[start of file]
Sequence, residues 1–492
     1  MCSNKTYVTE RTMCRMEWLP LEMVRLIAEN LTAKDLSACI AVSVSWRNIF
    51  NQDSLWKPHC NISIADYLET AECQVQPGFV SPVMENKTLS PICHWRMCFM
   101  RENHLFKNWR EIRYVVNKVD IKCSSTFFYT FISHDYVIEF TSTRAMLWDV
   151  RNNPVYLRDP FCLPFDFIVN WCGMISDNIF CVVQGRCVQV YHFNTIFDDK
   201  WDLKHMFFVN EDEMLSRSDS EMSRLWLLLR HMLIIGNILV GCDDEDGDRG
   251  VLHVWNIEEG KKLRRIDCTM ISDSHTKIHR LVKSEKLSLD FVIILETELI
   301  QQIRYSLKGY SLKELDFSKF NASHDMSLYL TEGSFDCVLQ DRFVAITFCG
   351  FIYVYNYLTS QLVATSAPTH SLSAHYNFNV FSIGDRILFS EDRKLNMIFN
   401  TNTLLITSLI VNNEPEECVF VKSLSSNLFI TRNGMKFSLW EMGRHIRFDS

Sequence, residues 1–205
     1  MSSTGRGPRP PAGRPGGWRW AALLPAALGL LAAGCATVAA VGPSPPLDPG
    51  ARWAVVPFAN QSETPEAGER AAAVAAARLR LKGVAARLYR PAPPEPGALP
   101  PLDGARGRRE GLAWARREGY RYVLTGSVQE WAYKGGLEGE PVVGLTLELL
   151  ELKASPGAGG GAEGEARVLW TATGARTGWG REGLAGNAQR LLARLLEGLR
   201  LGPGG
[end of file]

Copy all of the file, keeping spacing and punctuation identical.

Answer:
Sequence, residues 1–492
     1  MCSNKTYVTE RTMCRMEWLP LEMVRLIAEN LTAKDLSACI AVSVSWRNIF
    51  NQDSLWKPHC NISIADYLET AECQVQPGFV SPVMENKTLS PICHWRMCFM
   101  RENHLFKNWR EIRYVVNKVD IKCSSTFFYT FISHDYVIEF TSTRAMLWDV
   151  RNNPVYLRDP FCLPFDFIVN WCGMISDNIF CVVQGRCVQV YHFNTIFDDK
   201  WDLKHMFFVN EDEMLSRSDS EMSRLWLLLR HMLIIGNILV GCDDEDGDRG
   251  VLHVWNIEEG KKLRRIDCTM ISDSHTKIHR LVKSEKLSLD FVIILETELI
   301  QQIRYSLKGY SLKELDFSKF NASHDMSLYL TEGSFDCVLQ DRFVAITFCG
   351  FIYVYNYLTS QLVATSAPTH SLSAHYNFNV FSIGDRILFS EDRKLNMIFN
   401  TNTLLITSLI VNNEPEECVF VKSLSSNLFI TRNGMKFSLW EMGRHIRFDS

Sequence, residues 1–205
     1  MSSTGRGPRP PAGRPGGWRW AALLPAALGL LAAGCATVAA VGPSPPLDPG
    51  ARWAVVPFAN QSETPEAGER AAAVAAARLR LKGVAARLYR PAPPEPGALP
   101  PLDGARGRRE GLAWARREGY RYVLTGSVQE WAYKGGLEGE PVVGLTLELL
   151  ELKASPGAGG GAEGEARVLW TATGARTGWG REGLAGNAQR LLARLLEGLR
   201  LGPGG